double ratio = max((double)width  / (double)view_width,
                           (double)height / (double)view_height);
        width  = width  / ratio + 0.5;
        height = height / ratio + 0.5;
      }
      window_main.resize(width, height);
      window_main.move(window_main.view, 0, 0);
      window_main.view.resize(width, height);
    } break;

    case 1: { //fullscreen
      window_main.fullscreen();
      int view_width  = window_main.get_width();
      int view_height = window_main.get_height();
      if(width > view_width || height > view_height){
        double ratio = max((double)width  / (double)view_width,
                           (double)height / (double)view_height);
        width  = width  / ratio + 0.5;
        height = height / ratio + 0.5;
      }
      window_main.move(window_main.view,
        //center view inside window
        (view_width  - width)  / 2,
        (view_height - height) / 2
      );
      window_main.view.resize(width, height);
    } break;
  }

(note I don't have the opportunity to test the code at the moment.. the old code worked, and this should be the same thing, but a bug may have crept in there somehow)


Fri Oct 17, 2008 4:30 pm
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I really have no idea what that code is trying to do, but an easy way to fix the problem is to create advanced entries where a user can define maximum scale width and heights. Then when bsnes performs a scale that exceeds this resolution, it knows how to restrain the aspect ratio correction to compensate for the fact that no full integer scale actually took place.

For example, let's say the desktop res is 1680x1050 and bsnes is on NTSC mode with aspect correction enabled. A 4x scale results in black bars on the top and bottom, 77px a piece. A 5x scale (on windows) goes beyond 1050. So instead of doing that, it stops it at 1050. That's a non-integer scale of 4.6875x taking place on the vertical resolution. But the horizontal had no limit, so it stretches to 5x. Aspect ratio screwed.

Now, if bsnes knew what the limit was per a user definition, it could predetermine that 4.6875x should be the maximum scale on both vertical and horizontal parts of the image, thus preserving the aspect ratio for users who want to eliminate vertical bars.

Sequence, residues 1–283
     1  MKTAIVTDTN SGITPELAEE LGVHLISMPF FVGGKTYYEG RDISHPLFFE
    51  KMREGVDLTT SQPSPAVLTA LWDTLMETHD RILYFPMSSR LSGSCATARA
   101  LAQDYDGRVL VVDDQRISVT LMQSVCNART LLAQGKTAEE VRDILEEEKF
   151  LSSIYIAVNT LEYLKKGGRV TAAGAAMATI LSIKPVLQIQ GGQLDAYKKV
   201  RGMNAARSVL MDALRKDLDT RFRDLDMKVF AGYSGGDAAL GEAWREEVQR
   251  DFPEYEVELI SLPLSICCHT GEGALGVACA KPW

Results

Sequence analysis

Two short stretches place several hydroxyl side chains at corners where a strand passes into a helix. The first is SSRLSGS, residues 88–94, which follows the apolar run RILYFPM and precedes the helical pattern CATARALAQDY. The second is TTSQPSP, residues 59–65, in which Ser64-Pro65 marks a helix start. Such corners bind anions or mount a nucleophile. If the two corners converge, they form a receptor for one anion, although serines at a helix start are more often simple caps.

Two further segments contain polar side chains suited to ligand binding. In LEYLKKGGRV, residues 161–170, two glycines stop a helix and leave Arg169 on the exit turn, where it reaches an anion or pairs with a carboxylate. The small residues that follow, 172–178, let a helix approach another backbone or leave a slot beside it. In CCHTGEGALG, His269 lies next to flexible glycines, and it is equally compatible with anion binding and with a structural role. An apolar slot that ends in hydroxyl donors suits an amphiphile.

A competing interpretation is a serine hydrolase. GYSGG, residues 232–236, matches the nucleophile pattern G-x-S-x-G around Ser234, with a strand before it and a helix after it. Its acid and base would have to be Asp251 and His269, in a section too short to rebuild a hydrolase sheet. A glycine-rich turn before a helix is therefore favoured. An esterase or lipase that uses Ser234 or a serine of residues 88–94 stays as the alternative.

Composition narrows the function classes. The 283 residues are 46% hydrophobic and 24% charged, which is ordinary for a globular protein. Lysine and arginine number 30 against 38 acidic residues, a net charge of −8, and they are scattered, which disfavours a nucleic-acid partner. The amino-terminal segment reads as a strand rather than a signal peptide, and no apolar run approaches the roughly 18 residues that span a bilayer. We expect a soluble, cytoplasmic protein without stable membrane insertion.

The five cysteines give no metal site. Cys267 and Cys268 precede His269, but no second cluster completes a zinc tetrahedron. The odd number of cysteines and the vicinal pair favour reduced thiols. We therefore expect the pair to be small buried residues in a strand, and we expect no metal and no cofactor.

It might be possible on windows to detect and obtain these values automatically for the user at first start-up. You'd probably need to enter them yourself on Linux. That was the problem that prevented byuu for doing anything last time this behavior was requested.

And in case this part isn't perfectly clear, there should be NO special scale option added to the menu. This should be default behavior for any scale that exceeds desktop resolution. If someone wants to deviate from the aspect ratio, they can STILL do that via the AR settings.


Fri Oct 17, 2008 5:15 pm
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FitzRoy wrote:
I really have no idea what that code is trying to do

It works the same way as my test build whenever the maximum window (windowed) or the screen resolution (fullscreen) is exceeded: it stretches the image so that it touches the inside of the window/screen without effecting the ratio. Also, this code is maybe half a dozen lines longer than what's in bsnes now :) (I just posted the whole switch/case because it would be a pain to describe)


Fri Oct 17, 2008 5:52 pm
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Hoorah, MOTHER 3 is out. You might recognize the patcher style -- it uses hiro and nall::ups :)
(Along with xkas for the actual patch itself, hee.)
(Save 100% of praise and credit to Tomato and Jeffman, please. I spent 1/10,000th as much time as them on this.)

That means in a couple of months I'll probably be starting on FEoEZ. Still nothing really set in stone there.

Quote:
I'm curious how you solved this; where should I look for it? Also, would having no items selected for a fraction of a second really be that much of a problem?


Hah, I wanted to elaborate, but figured I was boring everyone.
And that comment wasn't even nearly verbose enough.

Code:
LPNMHDR nmhdr = (LPNMHDR)lparam;
LPNMLISTVIEW nmlistview = (LPNMLISTVIEW)lparam;

if(nmhdr->code == LVN_ITEMCHANGED && (nmlistview->uChanged & LVIF_STATE)) {
  if((nmlistview->uOldState & LVIS_FOCUSED) && !(nmlistview->uNewState & LVIS_FOCUSED)) {
    listbox.p.lostfocus = true;
  } else {
    if((!(nmlistview->uOldState & LVIS_SELECTED) && (nmlistview->uNewState & LVIS_SELECTED))
    || (listbox.p.lostfocus == false && listbox.get_selection() == -1)) {
      if(listbox.on_change) listbox.on_change(event_t(event_t::Change, listbox.get_selection(), &listbox));
    }
    listbox.p.lostfocus = false;
  }
}


First, note the difference between LVIS_SELECTED and LVIS_FOCUSED. The former means the item has the "blue" highlighted box thing. The latter means it has the dotted outline around the item, but it's not (always) actively highlighted (it can have either state or both set). I don't really see much point in the latter, but it comes in handy as you'll see below.

Basically, I watched all details of each message being sent.
A transition from no item selected to item #0 would send LVIS_SELECTED to item 0. Easiest case to handle, just test the old and new state to see if that's what changed.

A transition from 0 to no selection would send a cleared LVIS_SELECTED code. So at that point I can use listbox.get_selection(), which essentially scans the entire listbox to see if any items have LVIS_SELECTED. If not, I know to send a "nothing selected" message.